The world's first major astronomical observatory had no telescope. Although it featured some of the best and most accurate instruments ever built, they simply made it easier to do what astronomers had been doing for centuries: map the night sky by plotting the positions of the stars and planets.
The observatory, known as Uraniborg ("Castle of the Heavens"), was built by Danish astronomer Tycho Brahe, one of the most gifted skywatchers in history. He designed and built more than a dozen major instruments for Uraniborg and a second observatory, Stjerneborg ("Castle of the Stars"), next door.
The instruments included sextants (though without any glass optics), quadrants, armillary spheres, and others. All were tools for plotting the positions of astronomical objects. Some measured an object's altitude above the horizon or its direction in the sky, while others measured angles between two target objects.
With these instruments, Tycho produced the most accurate and detailed star atlases to date. He also precisely plotted the positions of planets as they moved back and forth across the sky. Johannes Kepler later used these catalogs to devise the laws that explain how planets move around the Sun, confirming the view that Earth is not the center of the universe.
Yet Tycho's instruments were basically finely crafted extensions of the human eye. They could see no deeper into space and no more clearly than the eye alone. Thus, their ability to improve human understanding of the universe were limited.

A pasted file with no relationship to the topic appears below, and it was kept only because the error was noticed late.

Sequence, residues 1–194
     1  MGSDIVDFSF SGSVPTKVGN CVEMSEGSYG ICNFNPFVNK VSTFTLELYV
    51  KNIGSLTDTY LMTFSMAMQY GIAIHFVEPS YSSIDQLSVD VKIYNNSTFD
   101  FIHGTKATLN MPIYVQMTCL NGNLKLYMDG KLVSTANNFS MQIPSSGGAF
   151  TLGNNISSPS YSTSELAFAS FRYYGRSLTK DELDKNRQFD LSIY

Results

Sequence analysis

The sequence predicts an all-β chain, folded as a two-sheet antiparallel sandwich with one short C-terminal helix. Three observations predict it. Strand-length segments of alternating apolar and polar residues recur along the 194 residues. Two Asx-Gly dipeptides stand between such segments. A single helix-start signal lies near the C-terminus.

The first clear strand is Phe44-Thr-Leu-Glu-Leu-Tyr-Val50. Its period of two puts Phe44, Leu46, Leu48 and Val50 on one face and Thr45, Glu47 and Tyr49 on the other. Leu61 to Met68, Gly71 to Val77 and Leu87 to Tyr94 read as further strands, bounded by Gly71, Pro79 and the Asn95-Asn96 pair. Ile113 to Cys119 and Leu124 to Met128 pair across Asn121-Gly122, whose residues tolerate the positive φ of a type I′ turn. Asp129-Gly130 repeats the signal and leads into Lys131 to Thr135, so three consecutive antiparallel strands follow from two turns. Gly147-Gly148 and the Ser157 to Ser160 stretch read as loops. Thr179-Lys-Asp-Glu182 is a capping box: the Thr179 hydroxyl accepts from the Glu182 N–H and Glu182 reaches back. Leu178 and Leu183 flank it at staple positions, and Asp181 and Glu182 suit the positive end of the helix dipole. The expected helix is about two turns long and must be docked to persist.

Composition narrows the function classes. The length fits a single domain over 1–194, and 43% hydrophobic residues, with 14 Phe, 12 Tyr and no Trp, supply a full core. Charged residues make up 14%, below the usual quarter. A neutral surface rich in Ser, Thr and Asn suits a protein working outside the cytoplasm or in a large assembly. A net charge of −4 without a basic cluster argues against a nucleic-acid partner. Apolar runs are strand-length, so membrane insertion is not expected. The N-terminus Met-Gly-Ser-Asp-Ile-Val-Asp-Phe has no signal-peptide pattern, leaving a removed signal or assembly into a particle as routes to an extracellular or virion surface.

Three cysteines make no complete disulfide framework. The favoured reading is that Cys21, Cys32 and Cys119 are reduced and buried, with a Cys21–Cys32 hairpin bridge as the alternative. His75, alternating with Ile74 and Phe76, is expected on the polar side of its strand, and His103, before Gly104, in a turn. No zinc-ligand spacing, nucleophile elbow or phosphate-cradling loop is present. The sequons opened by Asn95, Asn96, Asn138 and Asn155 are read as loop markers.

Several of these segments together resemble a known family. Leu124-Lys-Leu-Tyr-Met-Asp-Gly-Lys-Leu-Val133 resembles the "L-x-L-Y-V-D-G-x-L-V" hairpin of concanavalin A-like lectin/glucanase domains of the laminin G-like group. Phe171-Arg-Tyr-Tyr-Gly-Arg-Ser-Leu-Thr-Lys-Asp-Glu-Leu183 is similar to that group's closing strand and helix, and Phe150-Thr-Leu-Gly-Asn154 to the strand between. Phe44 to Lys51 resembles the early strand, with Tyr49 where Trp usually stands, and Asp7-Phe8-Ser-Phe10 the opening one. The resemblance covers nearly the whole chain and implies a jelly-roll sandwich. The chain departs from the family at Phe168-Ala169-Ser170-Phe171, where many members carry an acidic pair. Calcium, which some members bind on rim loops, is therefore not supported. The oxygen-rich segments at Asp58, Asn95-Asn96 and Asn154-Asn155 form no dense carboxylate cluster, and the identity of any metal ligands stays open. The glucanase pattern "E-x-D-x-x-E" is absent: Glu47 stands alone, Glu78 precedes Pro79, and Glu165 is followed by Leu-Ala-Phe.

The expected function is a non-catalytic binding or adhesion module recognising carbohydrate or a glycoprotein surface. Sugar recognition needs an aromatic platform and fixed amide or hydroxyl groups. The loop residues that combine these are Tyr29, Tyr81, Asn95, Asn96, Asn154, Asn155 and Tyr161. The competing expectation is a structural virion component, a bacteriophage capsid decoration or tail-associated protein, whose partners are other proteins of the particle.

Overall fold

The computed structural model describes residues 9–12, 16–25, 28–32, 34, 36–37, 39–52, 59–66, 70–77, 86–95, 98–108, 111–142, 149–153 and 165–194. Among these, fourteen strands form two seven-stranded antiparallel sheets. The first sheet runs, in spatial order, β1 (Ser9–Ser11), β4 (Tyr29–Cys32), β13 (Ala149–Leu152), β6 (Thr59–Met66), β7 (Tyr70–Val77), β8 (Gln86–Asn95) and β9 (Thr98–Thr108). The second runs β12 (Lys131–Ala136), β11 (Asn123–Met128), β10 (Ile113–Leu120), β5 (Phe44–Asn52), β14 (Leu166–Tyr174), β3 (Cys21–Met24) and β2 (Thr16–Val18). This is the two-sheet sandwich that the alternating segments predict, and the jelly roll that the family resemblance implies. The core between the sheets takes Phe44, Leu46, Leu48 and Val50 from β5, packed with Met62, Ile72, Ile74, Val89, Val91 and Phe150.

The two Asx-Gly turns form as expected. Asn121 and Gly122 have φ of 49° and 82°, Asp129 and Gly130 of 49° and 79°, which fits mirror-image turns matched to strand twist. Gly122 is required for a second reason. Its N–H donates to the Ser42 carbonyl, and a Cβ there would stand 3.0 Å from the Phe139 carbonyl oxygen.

That ability improved dramatically in the 17th century with the invention of what is still the mainstay of astronomical research: the telescope.
Using these assemblages of metal tubes and glass lenses, some of the giants of modern science revolutionized our knowledge of the universe around us and our place in it. And they set the stage for more dramatic discoveries in the centuries ahead.
Key dates and inventions in the quest to see deeper into the universe.
Hans Lippershey invents a ‘looker,’ the first confirmed telescope, by aligning two lenses inside a metal tube.
Using a telescope of his own construction, Galileo Galilei studies planets, the Moon, the Milky Way, and other astronomical objects, igniting a scientific revolution.
Isaac Newton reveals a new type of telescope, which uses polished mirrors instead of glass lenses.
Grinding glass to the right shape for refracting telescope lenses was a daunting task, and Galileo’s telescopes produced a slightly blurry view of the sky, with colored “haloes” around astronomical objects. And the glass contained chemical impurities that colored the lenses green.
Isaac Newton, who is best known for devising his laws of motion and gravity, realized that part of the problem was with the glass itself. Any glass lens acts like a prism, splitting a beam of light into its individual wavelengths or colors, so there was no way to eliminate the colored haloes with lens-based telescopes.
So Newton devised a new type of telescope, which he presented to his colleagues in England’s Royal Society in January 1672. Instead of glass lenses, Newton’s telescope used two polished metal mirrors.
The primary mirror, at the bottom of the telescope tube, curved inward slightly, in a spherical shape. (In other words, if you extend the curve of the mirror into space, it will form a sphere.) Light from an astronomical object struck this mirror and reflected back up the telescope tube, where it hit a flat secondary mirror. This mirror, which was tilted at a 45-degree angle, in turn reflected the light to an eyepiece at the side of the tube, where the observer saw an image of the star, planet, or other astronomical object.
Although it took a while to work out some problems and gain acceptance by most astronomers, Newton’s creation of the reflecting telescope ushered in a new era of astronomical study. By the early 18th century, most astronomers were using reflectors, and although refractors made a brief comeback a century later, all large modern-day research telescopes are reflectors, and Newtonian-style reflectors are popular among amateur astronomers.
The Life of Isaac Newton, Richard S. Westfall (Cambridge, 1993)